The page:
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Zero Barnegat Bay, LLC v. Lexington Insurance Co.

United States District Court, D. New Jersey

August 13, 2019



          PETER G. SHERIDAN, U.S.D.J.

         This matter comes before the Court on a motion for reconsideration (ECF No. 57) brought by Plaintiff Zero Barnegat Bay, LLC (hereinafter "Plaintiff) in reference to this Court's ruling on Defendant Lexington Insurance Company's motion for summary judgment issued on March 18, 2018. (ECF No. 56). Specifically, Plaintiff seeks the Court's reconsideration of the ruling, which, based on Plaintiff's expert, found that damages to the pool, boardwalk, and transformer were caused by first wind, and then flood. Accordingly, the Court determined that an anti-concurrent clause of the insurance contract barred recovery for those damages.

         The facts relevant to this matter have been set forth in the Court's previous opinion and will not be repeated.


         Motions for reconsideration are governed by Federal Rule of Civil Procedure 59(e) and L. Civ. R. 7.1(i). The "extraordinary remedy" of reconsideration is "to be granted sparingly." A.K. Stamping Co., Inc., v. Instrument Specialties Co., Inc., 106 F.Supp.2d 627, 662 (D.N.J. 2000) (quoting NL Indus., Inc., v. Commercial Union Ins. Co., 935 F.Supp. 513, 516 (D.N.J. 1996)). The Rule "does not contemplate a Court looking to matters which were not originally presented." Damiano v. Sony Music Entm't, Inc., 975 F.Supp. 623, 634 (D.N.J. 1996) (quoting Florham Park Chevron, Inc., v. Chevron U.S.A., Inc., 680 F.Supp. 159, 162 (D.N.J. 1988)).

         The Third Circuit has held that the "purpose of a motion for reconsideration is to correct manifest errors of law or fact or to present newly discovered evidence." Harsco Corp. v. Zlotincki, 779 F.2d 906, 909 (3d Cir. 1985). "Reconsideration motions, however, may not be used to relitigate old matters, nor to raise arguments or present evidence that could have been raised prior to the entry of judgment." NL Indus., Inc., 935 F.Supp. at 516. Such motions will only be granted where (1) an intervening change in the law has occurred, (2) new evidence not previously available has emerged, or (3) the need to correct a clear error of law or prevent a manifest injustice arises. See North River Ins. Co. v. CIGNA Reinsurance Co., 52 F.3d 1194, 1218 (3d Cir. 1995) (internal quotation marks and citations omitted). Because reconsideration of a judgment after its entry is an extraordinary remedy, requests pursuant to these rules are to be granted "sparingly," Maldonado v. Lucca, 636 F.Supp. 621, 630 (D.N.J. 1986); and only when "dispositive factual matters or controlling decisions of law" were brought to the Court's attention but not considered. Pelham v. United States, 661 F.Supp. 1063, 1065 (D.N.J. 1987). "There is a strong policy against entertaining reconsideration motions based on evidence that was readily available at the time that the original motion was heard; and so the court may, in its discretion, refuse to consider such evidence." Damiano, 975 F.Supp. at 634 (citations omitted).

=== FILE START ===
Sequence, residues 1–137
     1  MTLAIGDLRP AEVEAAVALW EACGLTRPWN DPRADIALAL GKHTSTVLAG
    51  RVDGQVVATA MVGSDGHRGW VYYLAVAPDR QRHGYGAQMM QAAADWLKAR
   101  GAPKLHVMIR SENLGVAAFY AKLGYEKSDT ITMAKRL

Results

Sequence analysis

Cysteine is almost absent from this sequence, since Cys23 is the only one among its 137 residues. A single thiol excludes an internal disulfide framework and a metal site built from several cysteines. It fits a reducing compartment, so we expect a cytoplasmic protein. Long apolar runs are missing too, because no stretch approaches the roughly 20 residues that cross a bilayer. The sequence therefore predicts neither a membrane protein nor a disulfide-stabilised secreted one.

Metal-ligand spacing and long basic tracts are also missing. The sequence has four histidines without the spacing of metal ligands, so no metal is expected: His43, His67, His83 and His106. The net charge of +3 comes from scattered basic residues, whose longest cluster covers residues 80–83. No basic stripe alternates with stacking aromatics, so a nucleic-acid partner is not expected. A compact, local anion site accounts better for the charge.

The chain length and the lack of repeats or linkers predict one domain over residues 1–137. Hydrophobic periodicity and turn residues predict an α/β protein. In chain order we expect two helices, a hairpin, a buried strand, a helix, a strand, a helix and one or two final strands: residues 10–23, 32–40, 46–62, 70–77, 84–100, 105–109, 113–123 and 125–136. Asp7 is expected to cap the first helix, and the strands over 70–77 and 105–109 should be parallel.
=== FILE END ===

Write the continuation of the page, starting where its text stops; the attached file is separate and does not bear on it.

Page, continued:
Plaintiff argues that this Court failed to review the deposition transcript of its expert Todd Heacock. By way of background, Plaintiff submitted the expert report of Heacock, regarding the "condition and circumstances that may have led to the ... damage to an in-ground pool, the timber framed promenade adjacent to the marine bulkhead (hereinafter "the boardwalk"), and the transformer located near the eastern side of the island." (Heacock Report, ECF No. 39-9, at 1). Regarding damage to the boardwalk, Heacock opined that "at many locations along the bulkhead, nails or the remnants of nails were observed to be pried up and, in many cases, bent over. The tides during the storm event did extend above the top of the bulkhead and boardwalk. However, high winds occurred prior to the rise in the water level." (Id. at 3). Heacock explained, "[o]nce lifted, direct wind pressure would cause the nails at the bulkhead to bend and fail. Later, when the water levels rose, the tide would have carried the remains of the boardwalk away." (Id.).